The "Porcelain Empire" of Asta Brzhezitskaya

Asta Brzhezitskaya was a bright representative of the so-called ‘Kuznetsov porcelain’. The porcelain making factory in Dulevo outside Moscow, which was founded by industrialist Terentiy Kuznetsov in 1832, was known all over Russia and abroad. Fitted out with advanced technology, the Dulevo porcelain factory produced exquisite porcelain for the Imperial Court and for aristocratic circles and less sophisticated porcelain for the general public. Asta Brzhezitskaya came to do a training course at the Dulevo factory while she was a student of the Moscow Institute of Arts. By the time she joined Dulevo staff in the 1930s, the factory was full of a new generation of artists and the old porcelain making techniques and designs had changed to meet the requirements of the day. The exhibition’s curator Olga Loginova comments on one of Brzhezitskaya’s first works which was titled ‘The Republics of the USSR”.

"The detailed sculptures of women clad in national attire with attributes characteristic of the economy of each republic were typical of those days. Like all arts in those days, porcelain was designed to reflect the prosperous wellbeing of all nationalities in the Soviet Union. While keeping in line with the required style, Asta Brzhezitskaya succeeded in adding an individual touch to her works which materialized in the plasticity of forms, naturalness of gestures, and attention to details. The figure of a Kazakh woman was captured in the middle of a typical dance movement and was painted in an unobtrusive manner, without excessive brightness."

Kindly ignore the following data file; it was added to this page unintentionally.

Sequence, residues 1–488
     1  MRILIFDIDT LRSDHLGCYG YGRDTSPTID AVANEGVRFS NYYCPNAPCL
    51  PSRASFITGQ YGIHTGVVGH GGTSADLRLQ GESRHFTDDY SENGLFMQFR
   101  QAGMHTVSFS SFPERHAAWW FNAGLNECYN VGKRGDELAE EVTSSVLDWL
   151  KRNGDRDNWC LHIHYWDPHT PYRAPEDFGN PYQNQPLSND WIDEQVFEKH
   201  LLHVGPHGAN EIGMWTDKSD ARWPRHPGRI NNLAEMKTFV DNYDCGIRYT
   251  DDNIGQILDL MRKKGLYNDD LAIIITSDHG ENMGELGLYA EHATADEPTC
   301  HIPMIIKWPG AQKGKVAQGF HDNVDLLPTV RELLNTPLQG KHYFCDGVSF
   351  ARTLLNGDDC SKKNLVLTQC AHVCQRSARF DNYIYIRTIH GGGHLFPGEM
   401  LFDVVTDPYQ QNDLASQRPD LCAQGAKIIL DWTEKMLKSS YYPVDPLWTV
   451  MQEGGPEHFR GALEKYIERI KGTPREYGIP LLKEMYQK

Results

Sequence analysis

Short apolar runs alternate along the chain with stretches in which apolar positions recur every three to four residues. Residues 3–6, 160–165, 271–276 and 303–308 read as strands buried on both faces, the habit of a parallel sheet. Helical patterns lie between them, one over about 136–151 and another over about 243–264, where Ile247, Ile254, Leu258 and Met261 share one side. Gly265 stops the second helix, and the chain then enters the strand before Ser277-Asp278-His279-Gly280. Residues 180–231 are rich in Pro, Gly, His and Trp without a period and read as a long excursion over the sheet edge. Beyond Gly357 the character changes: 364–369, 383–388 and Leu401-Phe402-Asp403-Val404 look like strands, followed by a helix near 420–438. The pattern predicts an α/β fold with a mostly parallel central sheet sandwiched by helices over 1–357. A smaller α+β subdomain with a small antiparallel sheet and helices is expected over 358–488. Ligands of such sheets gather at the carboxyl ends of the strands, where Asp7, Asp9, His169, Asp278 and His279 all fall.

The porcelain statuette of Prince Yuri Dolgorukiy, the founder of Moscow, was commissioned for Moscow’s 800th anniversary which was celebrated with pomp in 1947. Asta Brzhezitskaya did a lot of historical research while working on the statuette. She wanted to portray the prince on the basis of chronicles which described him as “a short, skinny man, with small, close-set eyes, a curved nose, and a sparse beard”. However, the supervising board advised her against it. As a result, Asta created a generalized figure of a mighty Old Russian warrior and her work was accepted for the jubilee exhibition. Olga Loginova comments.
"Asta Brzhezitskaya exhibited her works at more than one hundred exhibitions in Russia and abroad."
In 1992, Brzhezitskaya’s works were displayed at the National Design Museum in New York. At present, they are part of the collection of the Hermitage Museum in St.Petersburg. ...


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